November 07, 2019
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How Paul LePage came around to giving a weighty endorsement in Maine’s 2nd District race

Troy R. Bennett | BDN
Troy R. Bennett | BDN
Paul LePage delivers his final State of the State address before a joint session of the Maine Legislature in Augusta in this Feb. 13, 2018, file photo.

AUGUSTA, Maine — It’s no surprise former Maine Gov. Paul LePage did something unconventional, but he was uncharacteristically quiet in giving a former legislator his weighty backing in a wide-open Republican primary in the 2nd Congressional District.

Former state Rep. Dale Crafts announced LePage’s endorsement in kicking off his 2020 candidacy for the seat held by U.S. Rep. Jared Golden, a Democrat, this month. That backing, however, wasn’t accompanied by a statement from the former governor for eight days.

LePage also had never endorsed — at least officially — in a contested primary for a major Maine office during his tenure as governor. The lag led some observers to wonder if was a miscommunication. LePage and his political operatives didn’t respond to questions until he cleared things up in a Friday tweet.

“He is an experienced, conservative legislator who served four terms in the Maine House of Representatives,” LePage wrote of Crafts. “He will serve the people of Maine well.”

It’s unclear what role LePage will play in the race, but his early backing could give Crafts an instant shot of credibility with donors and party activists unfamiliar with him. The endorsement may be the biggest one a Republican can get in a primary. LePage remains beloved in his party.

A 2017 poll found the former governor had 79 percent approval among Maine Republicans. A survey this month from a Democratic firm found he would lead U.S. Sen. Susan Collins in a hypothetical 2020 primary by more than 30 percentage points. (He has endorsed Collins.)

It also could be seen as a slight to the other two candidates, particularly Adrienne Bennett, LePage’s longtime spokeswoman in the governor’s office. The libertarian-leaning former state Sen. Eric Brakey, the 2018 Republican U.S. Senate nominee, kicked off his run in July.

Crafts and LePage have a history. During the 2010 gubernatorial primary that LePage won as a Waterville mayor with few Augusta connections, Crafts heard him speak at a Lisbon event and later organized a group of approximately 30 legislators who endorsed LePage.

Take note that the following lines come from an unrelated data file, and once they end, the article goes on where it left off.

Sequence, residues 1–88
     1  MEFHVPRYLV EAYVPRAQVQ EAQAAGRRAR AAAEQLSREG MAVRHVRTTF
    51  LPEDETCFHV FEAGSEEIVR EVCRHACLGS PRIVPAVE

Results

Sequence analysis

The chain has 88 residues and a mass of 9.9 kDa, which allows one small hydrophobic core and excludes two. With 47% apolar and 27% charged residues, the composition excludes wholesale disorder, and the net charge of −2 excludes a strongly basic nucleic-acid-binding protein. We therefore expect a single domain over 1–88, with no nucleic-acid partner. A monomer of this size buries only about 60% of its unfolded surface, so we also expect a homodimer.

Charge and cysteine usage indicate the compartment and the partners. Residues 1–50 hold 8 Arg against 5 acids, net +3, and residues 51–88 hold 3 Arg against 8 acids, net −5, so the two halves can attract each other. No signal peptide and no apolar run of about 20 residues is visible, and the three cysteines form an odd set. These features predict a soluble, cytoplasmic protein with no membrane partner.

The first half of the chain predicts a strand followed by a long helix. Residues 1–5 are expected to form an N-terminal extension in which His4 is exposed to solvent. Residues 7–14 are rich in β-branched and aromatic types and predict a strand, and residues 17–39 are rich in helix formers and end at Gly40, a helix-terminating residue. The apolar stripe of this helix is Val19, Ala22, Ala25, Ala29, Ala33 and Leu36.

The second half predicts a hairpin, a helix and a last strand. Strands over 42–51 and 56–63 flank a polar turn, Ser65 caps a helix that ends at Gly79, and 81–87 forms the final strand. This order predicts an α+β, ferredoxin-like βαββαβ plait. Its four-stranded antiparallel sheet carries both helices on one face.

Crafts had been considering the race since the summer. In an interview, he said LePage called him in late September and said while he backed Crafts, he wanted to wait until making an endorsement. At the time, Crafts said former Attorney General Bill Schneider was considering a run that he later ruled out. Schneider didn’t respond to a Sunday message seeking comment.

Ahead of his October kickoff, Crafts said LePage gave him permission to use the endorsement and that the public statement was delayed because of a family emergency.

“Once it got down to the three of us, he was ready to get on board,” Crafts said.

Crafts, who has founded several businesses, shares a private-sector background with LePage that the former governor has seemed to value when evaluating candidates. His political strategist and daughter ran the campaign of businessman Shawn Moody, who cruised to the Republican gubernatorial nomination in 2018.

LePage never officially endorsed in that race, though he was seen as supportive behind the scenes and there were several winks and nods other than the campaign staff, including a prominent speech at the Republican state convention by then-first lady Ann LePage.

In a statement, Brakey said he has tremendous respect for LePage and he was “his biggest ally in the Maine Senate,” but he also said the former governor is “one voice among many” in the party. Brakey said his campaign will win because it is supported by “thousands of grassroots Maine people.”

Bennett was circumspect about LePage when she was interviewed on her campaign kickoff day, telling the Bangor Daily News that he was a “mentor,” that her first call was to him when she decided to run and she was confident she “will have his support” by the end of the primary.

In Sunday text messages, she highlighted that wording, saying it meant she would have his support “when it’s over and I win,” adding that she’s “focused on speaking with and meeting voters.” Then she referred to her history defending LePage in controversies big and small.

“When I was press secretary nothing surprised me and this didn’t either,” Bennett said. “It doesn’t impact how I move forward.”



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